What We All Long For
The lives of four 20-somethings living on the margins of Toronto intersect in Dionne Brand's captivating novel. Their parents were immigrants to Canada; now, as they figure out who they are and what they want, the characters must reconcile their family's past with their own present in a dynamic, sometimes unforgiving and often challenging city. This is a richly rendered portrait of urban experience, luminously vivid in both its characterization and setting.
What We All Long For won the City of Toronto Book Award in 2006.
This city hovers above the forty-third parallel; that's illusory of course. Winters on the other hand, there's nothing vague about them. Winters here are inevitable, sometimes unforgiving. Two years ago, they had to bring the army in to dig the city out from under the snow. The streets were glacial, the electrical wires were brittle, the telephones were useless. The whole city stood still; the trees more than usual. The cars and driveways were obliterated. Politicians were falling over each other to explain what had happened and who was to blame — who had privatized the snow plows and why the city wasn't prepared. The truth is you can't prepare for something like that. It's fate. Nature will do that sort of thing — dump thousands of tons of snow on the city just to say, Don't make too many plans or assumptions, don't get ahead of yourself. Spring this year couldn't come too soon — and it didn't. It took its time — melting at its own pace, over running ice-blocked sewer drains, swelling the Humber River and the Don River stretching to the lake. The sound of the city was of trickling water.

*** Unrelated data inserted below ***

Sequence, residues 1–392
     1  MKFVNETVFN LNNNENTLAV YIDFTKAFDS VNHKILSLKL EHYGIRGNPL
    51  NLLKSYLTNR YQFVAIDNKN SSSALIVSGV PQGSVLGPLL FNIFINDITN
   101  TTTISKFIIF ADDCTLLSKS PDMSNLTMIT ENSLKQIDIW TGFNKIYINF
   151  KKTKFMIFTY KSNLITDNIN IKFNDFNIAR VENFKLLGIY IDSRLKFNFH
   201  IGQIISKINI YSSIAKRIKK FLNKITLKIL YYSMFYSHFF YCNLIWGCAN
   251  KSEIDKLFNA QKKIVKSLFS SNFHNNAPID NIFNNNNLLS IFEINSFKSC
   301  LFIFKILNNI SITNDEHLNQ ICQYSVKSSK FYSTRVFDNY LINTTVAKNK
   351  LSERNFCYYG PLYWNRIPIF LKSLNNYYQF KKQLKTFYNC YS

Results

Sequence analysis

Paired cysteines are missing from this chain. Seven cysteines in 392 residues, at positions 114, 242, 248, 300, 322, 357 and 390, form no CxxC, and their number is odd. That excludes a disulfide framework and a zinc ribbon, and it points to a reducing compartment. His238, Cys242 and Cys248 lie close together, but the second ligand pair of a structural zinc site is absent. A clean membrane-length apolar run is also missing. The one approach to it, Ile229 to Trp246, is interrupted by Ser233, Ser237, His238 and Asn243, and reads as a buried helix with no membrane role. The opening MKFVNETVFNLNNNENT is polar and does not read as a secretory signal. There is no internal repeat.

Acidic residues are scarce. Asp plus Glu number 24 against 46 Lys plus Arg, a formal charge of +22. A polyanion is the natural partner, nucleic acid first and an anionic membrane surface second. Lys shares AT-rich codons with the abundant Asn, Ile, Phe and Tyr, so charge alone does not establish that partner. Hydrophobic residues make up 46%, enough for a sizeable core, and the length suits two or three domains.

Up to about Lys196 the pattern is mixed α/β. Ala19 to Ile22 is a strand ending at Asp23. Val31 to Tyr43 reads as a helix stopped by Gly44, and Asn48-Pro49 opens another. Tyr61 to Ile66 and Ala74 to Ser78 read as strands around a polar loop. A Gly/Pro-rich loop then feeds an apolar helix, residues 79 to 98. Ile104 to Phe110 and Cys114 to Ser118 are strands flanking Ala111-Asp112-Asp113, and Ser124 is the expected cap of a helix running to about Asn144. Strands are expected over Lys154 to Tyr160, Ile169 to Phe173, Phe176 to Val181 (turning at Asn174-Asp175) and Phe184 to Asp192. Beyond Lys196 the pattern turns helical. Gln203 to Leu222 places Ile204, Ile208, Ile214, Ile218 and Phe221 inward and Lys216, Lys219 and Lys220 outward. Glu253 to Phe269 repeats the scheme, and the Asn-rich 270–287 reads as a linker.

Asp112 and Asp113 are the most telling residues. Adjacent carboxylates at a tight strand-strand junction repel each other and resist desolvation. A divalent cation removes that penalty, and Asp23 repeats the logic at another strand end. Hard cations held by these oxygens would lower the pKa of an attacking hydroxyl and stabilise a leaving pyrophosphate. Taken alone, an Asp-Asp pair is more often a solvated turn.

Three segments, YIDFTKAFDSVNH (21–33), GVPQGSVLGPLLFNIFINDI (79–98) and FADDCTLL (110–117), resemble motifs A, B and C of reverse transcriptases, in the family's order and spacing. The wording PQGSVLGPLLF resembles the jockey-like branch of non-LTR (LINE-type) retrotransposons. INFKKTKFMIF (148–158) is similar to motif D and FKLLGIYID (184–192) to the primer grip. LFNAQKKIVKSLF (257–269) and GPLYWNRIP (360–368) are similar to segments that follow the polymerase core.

From What We all Long For by Dionne Brand ©2005. Published by Vintage Canada.